BANGOR, Maine — The scope of the Maine Wabanaki-State Child Welfare Truth and Reconciliation Commission’s work to expose what happened to tribal children who were placed in the state child welfare system will broaden this month.
In late June, organizers will begin interviewing non-tribal people who worked in the state’s child welfare system and came into contact with Wabanaki children. Wabanaki refers collectively to the four remaining Native American tribes in Maine: the Penobscot, Maliseet, Micmac and Passamaquoddy.
“I think that the non-Wabanaki community has information about how they made decisions and how those decisions came about,” said Barbara Kates, a community organizer with the education and advocacy group, Maine-Wabanaki REACH.
“The long-term goal is healing overall and change in the communities,” she said. “We non-Wabanaki have a role to play in that.”
Since February 2013 when they were sworn in, five commissioners have been working with Maine-Wabanaki REACH to uncover and acknowledge the trauma suffered by families because of practices that brought Wabanaki children into the welfare system at disproportionate rates over many years. About 40 statements from tribal members have been gathered so far.
Now, organizers are reaching out to Department of Health and Human Services workers, police officers, lawyers, judges and foster and adoptive parents who worked with Wabanaki people.
The practice of taking Native American children from their homes and placing them in boarding schools or foster care became systematic in the late 1800s with the formation of the Carlisle Indian Industrial School, which sought to stamp out the languages and cultural practices of native people, according to documents from Dickinson University’s Carlisle Indian Industrial School Digital Resources Center.
At least 52 children from Maine were enrolled at the school over the course of several decades, according to Maine-Wabanaki REACH documents. The total number of children taken from their homes is unknown, according to staff.
Children were removed from their families’ care well into the 20th century, even after Carlisle and other boarding schools were closed, Esther Attean, co-director of Maine-Wabanaki REACH, said.
As late as 1999, a review by the federal government showed that Maine was not in compliance with the Indian Child Welfare Act of 1978, a law that intended “to protect the best interests of Indian children” by involving tribal members in the cases of children from their own communities, according to Martha Proulx, a manager at the Office of Child and Family Services.
“The foster care and child welfare system kind of picked up where the boarding schools left off,” said Attean, who was a family support specialist for the Penobscot Nation at the time.
Throughout the following decade, a coalition of representatives from DHHS and the tribes in Maine worked together to train state caseworkers in the law and its intentions.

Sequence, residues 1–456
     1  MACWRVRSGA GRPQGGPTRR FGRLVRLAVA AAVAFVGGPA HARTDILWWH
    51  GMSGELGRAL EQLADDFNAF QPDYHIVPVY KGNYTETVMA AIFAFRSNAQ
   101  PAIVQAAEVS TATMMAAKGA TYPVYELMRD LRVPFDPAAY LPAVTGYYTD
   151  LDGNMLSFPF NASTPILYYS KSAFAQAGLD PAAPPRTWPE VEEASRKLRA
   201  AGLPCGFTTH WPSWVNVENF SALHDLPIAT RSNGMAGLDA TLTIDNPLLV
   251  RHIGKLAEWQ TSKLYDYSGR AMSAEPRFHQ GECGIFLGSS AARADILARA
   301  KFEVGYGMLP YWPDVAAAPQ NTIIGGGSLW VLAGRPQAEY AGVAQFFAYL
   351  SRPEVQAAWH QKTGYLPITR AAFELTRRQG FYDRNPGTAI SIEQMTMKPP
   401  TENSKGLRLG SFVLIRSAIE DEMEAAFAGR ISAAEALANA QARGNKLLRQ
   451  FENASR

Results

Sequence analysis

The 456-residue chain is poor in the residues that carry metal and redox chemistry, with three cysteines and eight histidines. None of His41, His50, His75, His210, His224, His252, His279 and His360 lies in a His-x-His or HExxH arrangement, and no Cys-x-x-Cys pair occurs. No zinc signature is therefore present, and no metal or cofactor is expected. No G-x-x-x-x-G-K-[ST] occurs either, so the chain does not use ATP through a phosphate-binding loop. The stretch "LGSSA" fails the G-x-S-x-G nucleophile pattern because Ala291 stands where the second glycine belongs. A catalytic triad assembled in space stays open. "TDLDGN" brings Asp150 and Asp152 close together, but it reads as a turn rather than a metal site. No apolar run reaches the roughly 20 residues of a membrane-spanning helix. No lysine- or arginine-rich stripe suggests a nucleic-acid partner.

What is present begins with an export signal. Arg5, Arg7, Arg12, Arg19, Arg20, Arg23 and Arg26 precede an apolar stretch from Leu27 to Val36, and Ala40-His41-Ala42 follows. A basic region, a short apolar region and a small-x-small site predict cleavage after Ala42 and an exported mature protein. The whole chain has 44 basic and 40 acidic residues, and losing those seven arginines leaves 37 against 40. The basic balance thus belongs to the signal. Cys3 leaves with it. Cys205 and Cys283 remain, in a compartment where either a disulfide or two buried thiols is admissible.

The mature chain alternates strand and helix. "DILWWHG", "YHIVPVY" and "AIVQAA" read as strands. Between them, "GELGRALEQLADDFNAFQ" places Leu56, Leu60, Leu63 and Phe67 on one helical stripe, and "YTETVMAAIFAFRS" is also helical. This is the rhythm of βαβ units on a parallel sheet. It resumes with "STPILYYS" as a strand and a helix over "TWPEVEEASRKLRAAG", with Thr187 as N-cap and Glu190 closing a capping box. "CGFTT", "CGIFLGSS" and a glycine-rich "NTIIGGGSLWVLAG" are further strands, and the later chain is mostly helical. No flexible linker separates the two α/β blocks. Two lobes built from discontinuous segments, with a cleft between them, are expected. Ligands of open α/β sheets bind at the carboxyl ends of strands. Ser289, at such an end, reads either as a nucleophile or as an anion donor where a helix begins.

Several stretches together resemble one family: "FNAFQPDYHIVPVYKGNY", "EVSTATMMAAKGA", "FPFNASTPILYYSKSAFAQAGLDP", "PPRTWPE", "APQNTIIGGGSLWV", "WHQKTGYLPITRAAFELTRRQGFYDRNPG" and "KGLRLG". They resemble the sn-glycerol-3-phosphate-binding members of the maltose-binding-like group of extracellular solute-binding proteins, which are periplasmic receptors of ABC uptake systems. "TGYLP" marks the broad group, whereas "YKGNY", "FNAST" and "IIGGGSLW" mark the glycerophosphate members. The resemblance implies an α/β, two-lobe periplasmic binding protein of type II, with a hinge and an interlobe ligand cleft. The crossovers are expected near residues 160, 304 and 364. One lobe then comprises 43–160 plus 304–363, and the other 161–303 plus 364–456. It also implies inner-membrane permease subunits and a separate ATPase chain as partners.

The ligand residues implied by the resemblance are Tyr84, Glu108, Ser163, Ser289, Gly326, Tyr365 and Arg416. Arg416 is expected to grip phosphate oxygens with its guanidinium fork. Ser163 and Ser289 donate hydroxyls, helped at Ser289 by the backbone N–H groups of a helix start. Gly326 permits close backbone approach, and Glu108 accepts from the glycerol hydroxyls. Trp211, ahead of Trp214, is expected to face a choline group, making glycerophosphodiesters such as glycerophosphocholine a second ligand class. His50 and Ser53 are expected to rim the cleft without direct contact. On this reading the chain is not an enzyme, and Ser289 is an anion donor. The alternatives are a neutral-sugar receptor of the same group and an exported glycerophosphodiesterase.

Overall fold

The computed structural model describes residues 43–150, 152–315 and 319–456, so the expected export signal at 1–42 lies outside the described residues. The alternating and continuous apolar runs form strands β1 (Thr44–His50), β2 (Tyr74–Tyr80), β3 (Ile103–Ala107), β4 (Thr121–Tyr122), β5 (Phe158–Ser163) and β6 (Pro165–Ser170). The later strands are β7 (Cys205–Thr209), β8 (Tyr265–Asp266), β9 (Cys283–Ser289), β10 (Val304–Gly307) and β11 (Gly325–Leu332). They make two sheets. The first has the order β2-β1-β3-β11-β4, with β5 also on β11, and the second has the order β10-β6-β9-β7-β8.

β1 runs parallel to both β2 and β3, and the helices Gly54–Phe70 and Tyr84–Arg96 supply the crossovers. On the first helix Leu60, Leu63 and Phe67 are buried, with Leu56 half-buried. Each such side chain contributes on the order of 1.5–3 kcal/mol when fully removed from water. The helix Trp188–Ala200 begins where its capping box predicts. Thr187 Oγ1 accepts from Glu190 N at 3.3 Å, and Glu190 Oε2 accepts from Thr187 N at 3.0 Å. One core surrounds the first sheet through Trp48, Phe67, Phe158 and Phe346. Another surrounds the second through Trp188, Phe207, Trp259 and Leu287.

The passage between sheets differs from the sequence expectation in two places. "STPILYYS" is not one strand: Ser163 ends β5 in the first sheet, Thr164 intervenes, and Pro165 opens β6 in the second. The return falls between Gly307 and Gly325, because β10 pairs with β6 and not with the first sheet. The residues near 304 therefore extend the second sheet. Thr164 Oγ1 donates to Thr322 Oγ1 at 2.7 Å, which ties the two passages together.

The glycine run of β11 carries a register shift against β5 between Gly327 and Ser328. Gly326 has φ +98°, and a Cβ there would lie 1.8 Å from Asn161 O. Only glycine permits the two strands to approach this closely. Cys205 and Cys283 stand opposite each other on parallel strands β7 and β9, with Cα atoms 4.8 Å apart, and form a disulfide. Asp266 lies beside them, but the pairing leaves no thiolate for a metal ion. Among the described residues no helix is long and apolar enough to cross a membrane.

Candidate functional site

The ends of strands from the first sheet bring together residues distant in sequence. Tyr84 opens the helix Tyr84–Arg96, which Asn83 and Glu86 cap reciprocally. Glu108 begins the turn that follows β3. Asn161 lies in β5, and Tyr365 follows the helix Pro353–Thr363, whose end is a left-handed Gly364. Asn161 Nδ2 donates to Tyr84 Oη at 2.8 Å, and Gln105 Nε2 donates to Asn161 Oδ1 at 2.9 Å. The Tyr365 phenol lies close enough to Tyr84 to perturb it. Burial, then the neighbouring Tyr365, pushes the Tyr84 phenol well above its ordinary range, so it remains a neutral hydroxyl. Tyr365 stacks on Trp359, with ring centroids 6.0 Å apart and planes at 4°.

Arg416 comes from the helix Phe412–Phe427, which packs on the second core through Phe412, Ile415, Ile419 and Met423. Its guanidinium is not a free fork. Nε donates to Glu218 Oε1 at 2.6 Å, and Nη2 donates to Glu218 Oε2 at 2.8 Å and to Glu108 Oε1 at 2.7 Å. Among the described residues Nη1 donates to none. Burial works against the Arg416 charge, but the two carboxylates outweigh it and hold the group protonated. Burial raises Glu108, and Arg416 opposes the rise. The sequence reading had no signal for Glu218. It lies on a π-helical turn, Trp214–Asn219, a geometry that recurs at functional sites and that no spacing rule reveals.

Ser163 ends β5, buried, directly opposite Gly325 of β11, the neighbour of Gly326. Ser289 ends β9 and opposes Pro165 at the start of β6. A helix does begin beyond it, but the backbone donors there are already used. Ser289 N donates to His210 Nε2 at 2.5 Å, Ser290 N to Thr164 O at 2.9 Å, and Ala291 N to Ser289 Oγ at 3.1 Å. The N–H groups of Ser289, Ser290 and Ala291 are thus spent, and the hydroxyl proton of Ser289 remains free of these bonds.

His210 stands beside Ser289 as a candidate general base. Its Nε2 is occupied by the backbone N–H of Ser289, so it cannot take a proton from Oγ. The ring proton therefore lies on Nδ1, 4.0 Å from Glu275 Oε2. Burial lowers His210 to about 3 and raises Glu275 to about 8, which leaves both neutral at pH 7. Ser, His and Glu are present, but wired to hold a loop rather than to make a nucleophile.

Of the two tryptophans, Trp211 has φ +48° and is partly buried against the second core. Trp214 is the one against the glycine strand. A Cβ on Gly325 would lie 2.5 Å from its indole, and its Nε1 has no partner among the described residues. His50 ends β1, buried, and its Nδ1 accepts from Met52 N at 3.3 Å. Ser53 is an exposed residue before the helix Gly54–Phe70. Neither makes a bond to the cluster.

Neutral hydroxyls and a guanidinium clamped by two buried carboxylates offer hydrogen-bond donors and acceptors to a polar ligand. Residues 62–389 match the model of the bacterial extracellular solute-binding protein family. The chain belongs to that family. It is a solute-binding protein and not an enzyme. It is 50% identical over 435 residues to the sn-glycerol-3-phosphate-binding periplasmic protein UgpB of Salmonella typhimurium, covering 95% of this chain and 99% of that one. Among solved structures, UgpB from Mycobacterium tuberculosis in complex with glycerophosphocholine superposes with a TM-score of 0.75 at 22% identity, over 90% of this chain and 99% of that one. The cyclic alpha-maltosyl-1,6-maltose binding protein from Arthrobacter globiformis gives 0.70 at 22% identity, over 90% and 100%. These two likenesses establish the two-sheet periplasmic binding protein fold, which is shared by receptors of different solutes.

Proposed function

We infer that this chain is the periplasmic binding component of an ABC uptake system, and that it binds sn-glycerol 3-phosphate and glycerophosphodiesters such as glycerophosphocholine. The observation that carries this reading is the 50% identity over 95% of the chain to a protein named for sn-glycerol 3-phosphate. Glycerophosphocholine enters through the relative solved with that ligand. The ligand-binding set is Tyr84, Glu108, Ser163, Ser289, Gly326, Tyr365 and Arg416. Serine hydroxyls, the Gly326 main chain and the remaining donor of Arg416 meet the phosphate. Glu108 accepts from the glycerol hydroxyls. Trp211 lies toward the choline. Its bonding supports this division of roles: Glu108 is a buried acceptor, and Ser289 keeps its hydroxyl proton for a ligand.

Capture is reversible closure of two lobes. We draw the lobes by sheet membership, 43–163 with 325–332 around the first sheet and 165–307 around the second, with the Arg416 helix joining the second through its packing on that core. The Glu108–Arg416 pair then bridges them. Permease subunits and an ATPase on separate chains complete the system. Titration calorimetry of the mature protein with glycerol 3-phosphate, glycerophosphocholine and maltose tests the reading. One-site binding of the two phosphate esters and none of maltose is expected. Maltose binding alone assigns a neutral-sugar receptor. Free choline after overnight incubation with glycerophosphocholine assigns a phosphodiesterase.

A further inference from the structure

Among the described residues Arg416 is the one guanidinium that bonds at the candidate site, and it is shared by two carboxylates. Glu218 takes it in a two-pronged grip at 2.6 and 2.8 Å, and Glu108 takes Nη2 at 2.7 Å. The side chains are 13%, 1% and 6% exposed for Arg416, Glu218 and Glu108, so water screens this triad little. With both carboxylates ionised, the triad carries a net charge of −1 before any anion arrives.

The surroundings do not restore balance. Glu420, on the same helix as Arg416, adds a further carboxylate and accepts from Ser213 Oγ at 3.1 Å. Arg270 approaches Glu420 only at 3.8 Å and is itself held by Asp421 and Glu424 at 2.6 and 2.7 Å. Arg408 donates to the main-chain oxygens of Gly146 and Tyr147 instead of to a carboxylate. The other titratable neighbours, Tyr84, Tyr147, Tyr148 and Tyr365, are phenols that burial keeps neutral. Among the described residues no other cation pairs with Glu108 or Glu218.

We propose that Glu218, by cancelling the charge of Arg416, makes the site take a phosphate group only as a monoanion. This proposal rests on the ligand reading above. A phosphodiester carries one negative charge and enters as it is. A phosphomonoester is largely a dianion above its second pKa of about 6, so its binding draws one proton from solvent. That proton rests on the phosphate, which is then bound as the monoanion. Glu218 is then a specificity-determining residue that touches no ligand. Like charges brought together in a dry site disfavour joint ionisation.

Though a 2012 review created by this coalition showed that state caseworkers were doing a better job involving tribal members in child welfare cases, the report noted that “more progress needs to be made for this to be a true collaborative.”
“It really came down to people were sort of coming up against an invisible wall,” Proulx told the social services committee of United South and Eastern Tribes Inc. at a meeting last week.
The Truth and Reconciliation Commission is, in part, a tool that attempts to begin breaking down that wall.
“We’ve got a big wound,” said Attean. “We’re just cutting it open a little … We’re hoping that if we start opening that wound enough, that healing will keep happening.”
Community organizers will interview non-Wabanaki members in Bangor on June 26 and 27 and in Augusta on July 17 and 18. People can arrange to participate at other times if those dates and locations don’t work for them.
Kates said organizers have been spreading the word through email and Facebook and by making phone calls. About 25 people have agreed to participate so far.
“I make sure they know this isn’t about laying blame,” Kates said of her conversations with potential participants. She said it’s an attempt to “welcome people to this opportunity for healing and change.”
Community organizers working with Maine-Wabanaki REACH have also begun an effort to bring information about what happened to Wabanaki children to the general public by hosting information sessions across the state.
At one such meeting at the Bangor Public Library in May, Arla Patch, the Maine-Wabanaki REACH community engagement coordinator, presented to more than 30 people from the region.
“It can bring up guilt and sadness and it can definitely bring up shame,” she said when she was introducing the presentation. “Emotions can be brought up and they need to be turned into fuel and that fuel drives action.”
To participate in the Maine Wabanaki-State Truth and Reconciliation Commission’s efforts or to find out more, contact Barbara Kates at firstname.lastname@example.org or 944-9593.